Caroline Walker and Andrew Johnston lift the lid on 20th-century cartographer MacDonald Gill. Learn about his life and career including his wartime maps and pictorial revamp of the map of the London Underground.
The revival of the decorative map in the 20th century is often attributed to MacDonald 'Max' Gill, the younger brother of typographer Eric Gill. Although his painted maps would decorate the homes of wealthy landowners, prominent public buildings and Cunard liners, it was Gill’s poster maps that brought him fame.
In the first half of the 20th century – the golden age for poster art – his poster maps spearheaded major publicity campaigns for such institutions as the London Underground and the Empire Marketing Board (EMB). However, Gill was also an architect, letterer, mural painter and commercial artist.
Early life and career
Born in Brighton in 1884, Leslie MacDonald Gill was the third of 11 surviving children of a non-conformist minister and a professional singer. Encouraged by his father, a keen amateur artist, Gill began drawing and painting at an early age with early subjects including local buildings and locomotives.
In 1897 the family moved to Chichester and two years later to Bognor, where 16-year old Gill completed his education and trained with a local architect.
In 1903 he joined the London firm Nicholson and Corlette, ecclesiastical architects in Lincoln's Inn. Meanwhile, evening classes at the Central School of Arts & Crafts under the tutorship of calligrapher Edward Johnston inspired a passion for Roman lettering which was soon put to use on private commissions for sign-painting and memorials, including collaborations with his brother Eric.
In 1908 with his reputation as an architect and lettering artist now established, Gill set up his own practice.
The following year, Arts and Crafts architect Edwin Lutyens commissioned him to design a wind-indicator map (a map with a moving indicator which shows the wind direction, linked to a weather vane) for Nashdom, a neo-classical mansion in Buckinghamshire. Embellished with gold leaf and heraldry, the panel depicts the house and its neighbourhood encircled by compass points painted in elegant Roman italics, setting a distinctive style that distinguishes Gill's maps from those of future rivals.
Other painted maps followed – a splendid example at Lindisfarne Castle depicts the defeat of the Spanish Armada.
The Wonderground Map of London Town
Gill’s career took a new direction in 1913 when Gerard Meynell of the Westminster Press introduced Gill to Frank Pick, Commercial Manager of the Underground Electric Railways of London (later London Underground) to discuss a pictorial poster map to entertain passengers as they waited for their trains on the gloomy station platforms.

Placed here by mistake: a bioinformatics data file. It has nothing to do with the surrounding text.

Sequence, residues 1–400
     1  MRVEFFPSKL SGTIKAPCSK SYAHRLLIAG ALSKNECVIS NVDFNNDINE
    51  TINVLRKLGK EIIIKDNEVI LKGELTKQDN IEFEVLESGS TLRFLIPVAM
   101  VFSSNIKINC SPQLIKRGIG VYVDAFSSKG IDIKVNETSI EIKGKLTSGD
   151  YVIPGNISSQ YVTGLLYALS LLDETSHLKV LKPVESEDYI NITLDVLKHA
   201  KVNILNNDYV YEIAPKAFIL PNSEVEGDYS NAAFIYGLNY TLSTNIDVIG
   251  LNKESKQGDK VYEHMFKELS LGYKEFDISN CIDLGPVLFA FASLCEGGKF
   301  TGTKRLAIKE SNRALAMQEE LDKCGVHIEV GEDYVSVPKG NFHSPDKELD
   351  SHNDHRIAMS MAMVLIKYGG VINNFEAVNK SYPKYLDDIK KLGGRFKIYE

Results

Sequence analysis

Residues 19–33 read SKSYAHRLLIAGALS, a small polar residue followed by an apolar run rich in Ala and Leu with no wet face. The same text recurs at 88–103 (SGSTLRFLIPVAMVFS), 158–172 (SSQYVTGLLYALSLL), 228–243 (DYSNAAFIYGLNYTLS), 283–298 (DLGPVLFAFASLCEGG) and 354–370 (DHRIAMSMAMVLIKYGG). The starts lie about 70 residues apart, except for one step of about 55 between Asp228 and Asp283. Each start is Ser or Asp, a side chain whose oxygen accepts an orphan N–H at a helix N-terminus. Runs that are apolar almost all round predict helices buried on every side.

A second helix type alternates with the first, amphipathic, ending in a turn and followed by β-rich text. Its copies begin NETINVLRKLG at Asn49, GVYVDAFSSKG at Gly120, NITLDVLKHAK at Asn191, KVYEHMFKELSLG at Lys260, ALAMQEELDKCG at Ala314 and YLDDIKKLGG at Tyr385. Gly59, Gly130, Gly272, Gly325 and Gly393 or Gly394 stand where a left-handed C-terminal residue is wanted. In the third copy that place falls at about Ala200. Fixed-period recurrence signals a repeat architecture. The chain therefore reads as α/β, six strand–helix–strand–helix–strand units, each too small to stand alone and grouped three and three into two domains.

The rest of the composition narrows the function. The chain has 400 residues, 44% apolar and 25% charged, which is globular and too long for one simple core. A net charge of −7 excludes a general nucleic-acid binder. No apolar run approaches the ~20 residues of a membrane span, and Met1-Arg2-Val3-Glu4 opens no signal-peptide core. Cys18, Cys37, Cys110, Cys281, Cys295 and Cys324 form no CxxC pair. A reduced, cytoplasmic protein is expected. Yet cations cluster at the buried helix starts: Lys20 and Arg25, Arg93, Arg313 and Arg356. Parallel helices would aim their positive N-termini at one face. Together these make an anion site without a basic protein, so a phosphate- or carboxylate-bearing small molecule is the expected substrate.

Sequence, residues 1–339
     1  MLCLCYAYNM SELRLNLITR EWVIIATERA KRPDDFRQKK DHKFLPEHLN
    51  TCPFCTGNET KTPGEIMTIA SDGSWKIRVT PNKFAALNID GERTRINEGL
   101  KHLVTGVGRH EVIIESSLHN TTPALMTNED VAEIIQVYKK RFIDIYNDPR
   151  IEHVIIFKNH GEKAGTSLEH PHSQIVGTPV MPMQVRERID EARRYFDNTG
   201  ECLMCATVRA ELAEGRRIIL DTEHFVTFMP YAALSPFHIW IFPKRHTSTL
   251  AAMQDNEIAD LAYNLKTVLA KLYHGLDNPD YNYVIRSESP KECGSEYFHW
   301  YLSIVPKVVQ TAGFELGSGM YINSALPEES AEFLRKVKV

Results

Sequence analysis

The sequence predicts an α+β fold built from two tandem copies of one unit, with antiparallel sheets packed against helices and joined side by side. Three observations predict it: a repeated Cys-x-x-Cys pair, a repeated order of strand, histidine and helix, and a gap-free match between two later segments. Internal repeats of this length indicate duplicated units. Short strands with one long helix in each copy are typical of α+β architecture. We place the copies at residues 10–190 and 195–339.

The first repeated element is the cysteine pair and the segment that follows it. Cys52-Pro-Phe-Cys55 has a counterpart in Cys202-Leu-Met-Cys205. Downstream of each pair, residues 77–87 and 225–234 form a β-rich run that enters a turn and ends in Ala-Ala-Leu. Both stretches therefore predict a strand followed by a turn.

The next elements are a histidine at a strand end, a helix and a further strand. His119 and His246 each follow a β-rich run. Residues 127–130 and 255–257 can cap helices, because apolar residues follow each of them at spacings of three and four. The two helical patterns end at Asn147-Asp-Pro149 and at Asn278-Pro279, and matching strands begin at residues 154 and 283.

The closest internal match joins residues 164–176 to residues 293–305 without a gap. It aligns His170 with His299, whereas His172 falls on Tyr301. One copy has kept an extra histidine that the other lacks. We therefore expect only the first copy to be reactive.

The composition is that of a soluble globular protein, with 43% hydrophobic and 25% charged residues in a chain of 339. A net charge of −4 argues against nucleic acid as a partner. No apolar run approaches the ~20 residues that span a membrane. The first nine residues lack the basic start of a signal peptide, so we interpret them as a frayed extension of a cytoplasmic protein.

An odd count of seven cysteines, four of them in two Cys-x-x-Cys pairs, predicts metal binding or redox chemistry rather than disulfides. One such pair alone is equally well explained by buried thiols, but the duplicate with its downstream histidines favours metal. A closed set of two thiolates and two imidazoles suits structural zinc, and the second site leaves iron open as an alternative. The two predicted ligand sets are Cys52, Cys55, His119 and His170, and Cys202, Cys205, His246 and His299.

Published in 1914, By Paying Us Your Pennies – or the Wonderground Map of London Town, as this colourful cartographic icon became known – presents a bird's eye view of the city, peopled with characters from every walk of life making quips and puns about the capital’s street and place names.
As well as further pictorial maps, Frank Pick later commissioned Gill to design a new London Underground system map. This was the first to remove background detail, including the River Thames.
Gill’s work during World War I
During World War I Gill worked primarily as an architect on a pioneering agricultural estate project in Dorset. He also designed the alphabet for the British military headstone, which is still in use today. In the post-war years he designed numerous inscriptions and memorials, including rolls of honour for several Oxford colleges.
The Empire traffic-stopper
Of the many poster maps Gill created in the 1920s, perhaps the most remarkable map was Highways of Empire, a 20ft x 10ft hemispherical projection of the world. Produced in 16 sheets, this was the largest poster ever produced at that time and required specially-built hoardings.
It was commissioned by the newly-formed Empire Marketing Board (EMB) to bolster the links and promote trade with the colonies, who were beginning to push for independence. With Britain at its centre, the map depicts the extraordinary extent of the British territories and their maritime links, with modern steamships plying the waves alongside medieval-style sea monsters.
It also includes a pair of confused polar bears wondering why they have been misplaced at the South Pole – a typical example of Gill’s engaging sense of humour.
Unveiled to great acclaim on New Year's Day 1927, this eye-catching map attracted crowds on Charing Cross Road, London where even the traffic was brought to a halt. It was the first of eight posters he created for the EMB.
Painted maps and murals